Hard News by Russell Brown

New poll: Earth flat

New numbers from the Department of Statistics show that New Zealanders' life expectancy continues to rise - and that, for the first time in decades, the disparity between Maori and non-Maori longevity, has narrowed since 1995.

The narrowing of the gap in life expectancy between Maori and other New Zealanders is small, but, it appears, significant. For obvious reasons, it does take time to turn around a long-term trend. Further commentary is here. (Before you ask, the gap between men and women has eased slightly too.)

Professor Tony Blakely, of the Wellington School of Medicine, talking about the new numbers on Checkpoint yesterday, was emphatic that it was the health policies of the past 10 years that had begun to ease the disparity, and that the improvement would continue if the policies did. That is, the "racial" targeted policies attacked by National this year.

Today, Morning Report touched base with half a dozen other health professionals and didn't seem to be able to find one who disagreed. There are other factors, including economic ones, but they all seemed to agree: scrap these policies at your peril.

And then there was Gerry Brownlee, who declared - richly - that the doctors were "playing politics". At least he didn't shout at anyone this time, instead insisting that the modest improvement showed that the health policies "of the last three decades" had failed.

This is either scurrilous or plain stupid. Maori health policy was transformed from the mid-1990s, and Brownlee ought to know it, if only because it was his party that set it in motion. You get the impression that the National Party of 2004 would declare that the Earth was flat if there was a cheap vote in it.

On a similar theme, this brief story popped up in the Herald a week ago: Fuarosa Tamati, the Christchurch woman who received the notorious Community Employment Group travel grant to study the development of hip-hop "was also given $5000 by Creative New Zealand to send her daughter to perform at an Australian music festival" in 2002.

We might be hearing more of this: National's Katherine Rich, who broke the CEG story, has apparently been nosing around looking for scuttlebutt on the entire family, and will presumably milk anything she thinks is worth a crack.

But let's hold up a minute here: the CEG travel grant was wrong and ineffective - it came from a scheme with poorly defined objectives and, consequently, delivered a poor result.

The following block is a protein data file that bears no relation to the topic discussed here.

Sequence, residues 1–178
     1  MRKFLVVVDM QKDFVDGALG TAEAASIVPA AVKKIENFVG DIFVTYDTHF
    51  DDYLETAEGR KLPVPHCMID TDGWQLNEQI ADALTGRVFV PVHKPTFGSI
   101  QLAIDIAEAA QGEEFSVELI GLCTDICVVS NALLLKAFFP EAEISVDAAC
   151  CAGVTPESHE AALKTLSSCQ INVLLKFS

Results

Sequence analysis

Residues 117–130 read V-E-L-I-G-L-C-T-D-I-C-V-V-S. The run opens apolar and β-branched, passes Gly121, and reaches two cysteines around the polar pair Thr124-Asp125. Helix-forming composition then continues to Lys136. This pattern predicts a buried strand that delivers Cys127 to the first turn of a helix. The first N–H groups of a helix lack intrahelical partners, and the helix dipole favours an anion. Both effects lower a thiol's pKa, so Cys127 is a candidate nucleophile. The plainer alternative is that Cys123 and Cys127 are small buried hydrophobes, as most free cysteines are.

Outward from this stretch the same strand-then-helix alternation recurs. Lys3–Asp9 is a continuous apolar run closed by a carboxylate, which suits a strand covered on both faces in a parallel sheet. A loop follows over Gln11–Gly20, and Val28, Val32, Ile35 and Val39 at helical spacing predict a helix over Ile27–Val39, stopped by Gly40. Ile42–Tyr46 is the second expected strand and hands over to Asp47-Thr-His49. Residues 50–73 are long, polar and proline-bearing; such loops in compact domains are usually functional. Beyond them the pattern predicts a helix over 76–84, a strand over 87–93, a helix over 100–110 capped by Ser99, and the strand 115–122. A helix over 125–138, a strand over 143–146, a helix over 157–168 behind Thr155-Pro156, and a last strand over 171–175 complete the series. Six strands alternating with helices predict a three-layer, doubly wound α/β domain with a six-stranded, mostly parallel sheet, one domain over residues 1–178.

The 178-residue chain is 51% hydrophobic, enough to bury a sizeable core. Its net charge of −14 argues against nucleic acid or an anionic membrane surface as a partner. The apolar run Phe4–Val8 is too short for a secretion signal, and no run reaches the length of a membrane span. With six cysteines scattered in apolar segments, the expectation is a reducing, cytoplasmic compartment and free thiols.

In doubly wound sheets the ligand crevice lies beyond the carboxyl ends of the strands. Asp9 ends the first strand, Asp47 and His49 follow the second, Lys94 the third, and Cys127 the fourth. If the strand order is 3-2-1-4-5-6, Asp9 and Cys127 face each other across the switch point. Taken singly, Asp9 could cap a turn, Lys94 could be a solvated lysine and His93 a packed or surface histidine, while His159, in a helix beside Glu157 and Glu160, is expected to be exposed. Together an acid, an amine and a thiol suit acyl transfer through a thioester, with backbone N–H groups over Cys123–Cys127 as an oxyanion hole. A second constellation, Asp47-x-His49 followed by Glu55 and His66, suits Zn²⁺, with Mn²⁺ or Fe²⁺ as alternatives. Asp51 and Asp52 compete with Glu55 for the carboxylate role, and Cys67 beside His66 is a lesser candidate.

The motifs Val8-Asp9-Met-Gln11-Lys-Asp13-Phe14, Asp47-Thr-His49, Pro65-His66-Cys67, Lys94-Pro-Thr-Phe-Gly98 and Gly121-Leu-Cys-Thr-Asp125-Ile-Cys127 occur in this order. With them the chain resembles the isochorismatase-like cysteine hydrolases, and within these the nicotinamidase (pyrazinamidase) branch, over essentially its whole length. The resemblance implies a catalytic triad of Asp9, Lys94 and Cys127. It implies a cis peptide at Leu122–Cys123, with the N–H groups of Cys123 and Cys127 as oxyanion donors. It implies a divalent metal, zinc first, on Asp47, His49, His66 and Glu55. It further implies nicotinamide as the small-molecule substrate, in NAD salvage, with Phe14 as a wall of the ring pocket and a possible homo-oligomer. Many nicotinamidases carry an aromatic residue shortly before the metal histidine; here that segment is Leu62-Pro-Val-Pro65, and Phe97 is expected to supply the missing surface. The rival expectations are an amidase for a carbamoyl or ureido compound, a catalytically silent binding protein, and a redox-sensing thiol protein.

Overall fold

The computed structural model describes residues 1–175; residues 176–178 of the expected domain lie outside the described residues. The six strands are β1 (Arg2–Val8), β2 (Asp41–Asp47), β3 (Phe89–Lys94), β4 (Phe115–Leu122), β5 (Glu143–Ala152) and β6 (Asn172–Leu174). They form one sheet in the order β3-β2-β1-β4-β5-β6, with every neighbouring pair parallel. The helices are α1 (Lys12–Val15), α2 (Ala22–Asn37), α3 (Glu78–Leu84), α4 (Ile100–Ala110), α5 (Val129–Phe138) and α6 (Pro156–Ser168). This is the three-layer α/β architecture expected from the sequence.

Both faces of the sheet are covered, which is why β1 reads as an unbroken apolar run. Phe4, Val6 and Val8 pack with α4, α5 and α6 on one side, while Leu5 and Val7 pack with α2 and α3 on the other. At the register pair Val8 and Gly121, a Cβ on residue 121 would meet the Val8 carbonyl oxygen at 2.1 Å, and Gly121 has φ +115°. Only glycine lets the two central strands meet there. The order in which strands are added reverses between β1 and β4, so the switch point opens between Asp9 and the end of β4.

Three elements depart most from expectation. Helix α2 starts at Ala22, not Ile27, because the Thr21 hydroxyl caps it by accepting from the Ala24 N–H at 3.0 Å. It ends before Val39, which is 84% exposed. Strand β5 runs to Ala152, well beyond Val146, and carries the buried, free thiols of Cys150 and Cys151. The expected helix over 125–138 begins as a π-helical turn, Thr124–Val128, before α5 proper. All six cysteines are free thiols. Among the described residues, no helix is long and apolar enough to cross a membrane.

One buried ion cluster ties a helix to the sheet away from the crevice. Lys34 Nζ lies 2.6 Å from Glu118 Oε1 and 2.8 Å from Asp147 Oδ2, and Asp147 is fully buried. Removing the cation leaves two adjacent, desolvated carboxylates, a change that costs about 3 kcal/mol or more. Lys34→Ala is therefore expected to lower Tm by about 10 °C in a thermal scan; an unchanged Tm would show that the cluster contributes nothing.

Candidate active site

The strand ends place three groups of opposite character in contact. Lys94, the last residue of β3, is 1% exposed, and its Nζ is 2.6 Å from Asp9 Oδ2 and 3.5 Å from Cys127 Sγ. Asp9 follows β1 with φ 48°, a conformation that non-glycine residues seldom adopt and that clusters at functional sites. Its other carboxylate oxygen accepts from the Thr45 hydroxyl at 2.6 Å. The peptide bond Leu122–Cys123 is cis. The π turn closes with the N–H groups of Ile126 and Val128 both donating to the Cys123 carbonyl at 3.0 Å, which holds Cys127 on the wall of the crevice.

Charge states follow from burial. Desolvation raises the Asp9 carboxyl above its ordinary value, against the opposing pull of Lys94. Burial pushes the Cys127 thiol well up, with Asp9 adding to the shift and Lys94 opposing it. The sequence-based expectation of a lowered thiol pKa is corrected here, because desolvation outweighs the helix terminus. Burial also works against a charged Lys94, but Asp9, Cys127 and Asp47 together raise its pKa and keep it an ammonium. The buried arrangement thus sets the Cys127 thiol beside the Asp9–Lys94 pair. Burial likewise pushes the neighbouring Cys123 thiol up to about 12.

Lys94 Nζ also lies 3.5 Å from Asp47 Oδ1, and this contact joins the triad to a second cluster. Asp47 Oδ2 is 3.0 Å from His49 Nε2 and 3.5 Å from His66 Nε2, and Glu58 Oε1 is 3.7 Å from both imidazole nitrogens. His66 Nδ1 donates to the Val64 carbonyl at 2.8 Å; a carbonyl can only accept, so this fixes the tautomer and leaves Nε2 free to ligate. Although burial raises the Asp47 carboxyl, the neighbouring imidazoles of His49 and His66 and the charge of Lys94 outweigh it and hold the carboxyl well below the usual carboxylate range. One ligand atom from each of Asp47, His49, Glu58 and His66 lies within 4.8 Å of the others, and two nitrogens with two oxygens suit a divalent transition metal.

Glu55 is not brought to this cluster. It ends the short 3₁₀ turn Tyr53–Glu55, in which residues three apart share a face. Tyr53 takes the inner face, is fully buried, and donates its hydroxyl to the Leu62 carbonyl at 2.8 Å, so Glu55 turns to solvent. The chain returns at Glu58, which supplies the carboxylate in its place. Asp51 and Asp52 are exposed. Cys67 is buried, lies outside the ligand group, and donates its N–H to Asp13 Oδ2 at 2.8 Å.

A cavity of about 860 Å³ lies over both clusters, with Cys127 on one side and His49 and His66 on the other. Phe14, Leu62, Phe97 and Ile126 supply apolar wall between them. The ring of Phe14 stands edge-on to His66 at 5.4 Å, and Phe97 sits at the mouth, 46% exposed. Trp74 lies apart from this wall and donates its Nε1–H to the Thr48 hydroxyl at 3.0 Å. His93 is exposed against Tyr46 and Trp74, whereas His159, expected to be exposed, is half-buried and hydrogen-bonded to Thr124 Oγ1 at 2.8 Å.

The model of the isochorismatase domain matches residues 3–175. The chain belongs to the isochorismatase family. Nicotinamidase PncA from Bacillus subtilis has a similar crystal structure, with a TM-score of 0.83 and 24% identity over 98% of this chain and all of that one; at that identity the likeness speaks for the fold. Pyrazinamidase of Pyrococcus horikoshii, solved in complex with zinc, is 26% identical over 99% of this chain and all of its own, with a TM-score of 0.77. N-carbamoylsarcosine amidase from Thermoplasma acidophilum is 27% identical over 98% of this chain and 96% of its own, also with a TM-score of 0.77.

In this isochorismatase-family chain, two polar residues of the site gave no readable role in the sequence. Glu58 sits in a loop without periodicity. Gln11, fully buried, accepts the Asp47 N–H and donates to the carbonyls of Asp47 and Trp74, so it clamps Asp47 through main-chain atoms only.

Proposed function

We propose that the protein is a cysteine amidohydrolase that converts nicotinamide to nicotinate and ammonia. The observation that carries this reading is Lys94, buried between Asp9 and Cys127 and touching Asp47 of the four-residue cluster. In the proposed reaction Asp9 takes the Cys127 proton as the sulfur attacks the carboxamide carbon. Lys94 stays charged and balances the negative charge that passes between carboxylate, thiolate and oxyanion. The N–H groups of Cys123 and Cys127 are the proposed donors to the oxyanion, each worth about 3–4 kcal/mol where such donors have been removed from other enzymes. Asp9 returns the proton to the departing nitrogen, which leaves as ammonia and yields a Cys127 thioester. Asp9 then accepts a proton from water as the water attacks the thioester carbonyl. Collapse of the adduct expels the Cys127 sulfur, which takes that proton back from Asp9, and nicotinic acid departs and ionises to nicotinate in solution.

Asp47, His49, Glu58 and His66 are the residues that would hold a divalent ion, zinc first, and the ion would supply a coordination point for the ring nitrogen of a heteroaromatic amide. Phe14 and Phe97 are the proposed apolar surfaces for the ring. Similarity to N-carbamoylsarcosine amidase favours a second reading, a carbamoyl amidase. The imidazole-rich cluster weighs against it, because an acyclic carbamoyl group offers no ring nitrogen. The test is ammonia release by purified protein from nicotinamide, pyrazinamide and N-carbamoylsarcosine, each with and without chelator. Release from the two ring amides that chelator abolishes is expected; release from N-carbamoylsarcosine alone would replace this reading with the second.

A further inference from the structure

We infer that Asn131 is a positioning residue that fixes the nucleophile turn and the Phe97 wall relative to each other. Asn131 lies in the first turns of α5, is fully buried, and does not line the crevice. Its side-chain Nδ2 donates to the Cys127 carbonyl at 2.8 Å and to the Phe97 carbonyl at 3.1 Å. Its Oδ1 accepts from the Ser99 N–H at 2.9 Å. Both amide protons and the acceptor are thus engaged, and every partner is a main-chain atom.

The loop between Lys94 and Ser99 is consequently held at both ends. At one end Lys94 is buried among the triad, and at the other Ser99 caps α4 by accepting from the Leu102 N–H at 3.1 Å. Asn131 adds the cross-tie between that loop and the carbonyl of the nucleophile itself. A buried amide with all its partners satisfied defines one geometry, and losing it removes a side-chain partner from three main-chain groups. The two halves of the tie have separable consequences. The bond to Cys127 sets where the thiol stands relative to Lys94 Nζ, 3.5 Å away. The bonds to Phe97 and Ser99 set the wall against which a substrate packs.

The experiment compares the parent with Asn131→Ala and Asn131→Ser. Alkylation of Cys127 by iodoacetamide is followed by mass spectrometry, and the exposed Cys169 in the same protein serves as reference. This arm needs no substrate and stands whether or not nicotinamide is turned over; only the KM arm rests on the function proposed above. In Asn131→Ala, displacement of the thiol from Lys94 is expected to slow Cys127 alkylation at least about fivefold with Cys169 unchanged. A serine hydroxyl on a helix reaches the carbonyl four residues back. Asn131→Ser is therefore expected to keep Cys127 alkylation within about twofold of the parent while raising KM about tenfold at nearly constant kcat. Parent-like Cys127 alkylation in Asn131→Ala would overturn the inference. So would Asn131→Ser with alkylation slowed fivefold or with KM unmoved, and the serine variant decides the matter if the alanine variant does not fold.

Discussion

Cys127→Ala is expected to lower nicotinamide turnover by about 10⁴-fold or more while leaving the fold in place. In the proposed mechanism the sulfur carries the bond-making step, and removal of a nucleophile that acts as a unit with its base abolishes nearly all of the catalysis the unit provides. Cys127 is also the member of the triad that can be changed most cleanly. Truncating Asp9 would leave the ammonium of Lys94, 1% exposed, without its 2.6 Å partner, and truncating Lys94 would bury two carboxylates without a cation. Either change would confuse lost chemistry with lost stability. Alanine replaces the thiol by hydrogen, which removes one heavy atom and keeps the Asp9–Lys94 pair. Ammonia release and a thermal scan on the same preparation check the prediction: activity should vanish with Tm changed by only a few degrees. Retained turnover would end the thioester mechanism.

But the Creative New Zealand grant? Fuarosa Tamati's daughter Karoline is also known as LadySix, then of Sheelaroc, who had a hit with 'If I Gave You Th' Mic' when they were still at school, and subsequently received the grant to perform at the Adelaide Festival - exactly the kind of thing Creative New Zealand is supposed to do.

Since then, LadySix has continued to develop as a performer and I really think she's a potential star. Readers may recall past praise for her in this blog. I understand that this is a significant family, not only in terms of its creative talent (Scribe is LadySix's cousin) but its long-term contribution to the Christchurch community. I just hope it doesn't become a sacrifice to Katherine Rich's political ambition.

You'll notice a guest blog by Patrick Crewdson posted today. He and some others have just started what already looks to be a great blog site, Fighting Talk.

Chris Barton, the country's best IT journalist, is moving on to general feature writing. His farewell column is worth reading, and reflects quite a few of my views about tech journalism.

Wired has an extensive and detailed story about the electronic voting debacle.

David Haywood of Canterbury University took issue yesterday with my optimism about carbon sequestration and, hence, the future of coal as a sustainable energy source:

As an energy engineer, I have to say that your comments about coal are severely misinformed -- but not necessarily as a result of your own faults as a journalist. Coal companies will certainly tell you that large-scale sequestration is "just around the corner", but this is really to wilfully misrepresent the facts.

The problem is that you're up against the second law of thermodynamics on this one. Almost all the energy in coal is obtained from oxidizing the carbon to form carbon dioxide. To get the carbon dioxide into a safe and stable form to be sequestered (for ever!) requires an energy input larger than you will have got out of the coal in the first place. In fact, the best way to store carbon dioxide is to convert it back into coal, and stick it in the ground again! But even the short-term storage of carbon dioxide in geological formations, etc. is tremendously expensive (in extraction, transportation, and pumping/conversion costs) and would certainly be uneconomic at anything like current electricity prices.

I'm talking to David on my 95bFM Wire show today, at about 1pm, along with someone from CRL. Ought to be interesting.

PS: It has just been announced that Michael King and his wife were the victims of the car crash near Maramarua yesterday. I don't often find myself crying at the passing of people I have never met, but I am right now, and I don't really know what to say, other than to offer my deepest sympathy and condolences to his family, especially Rachael and Jonty. A great New Zealander has been snatched away.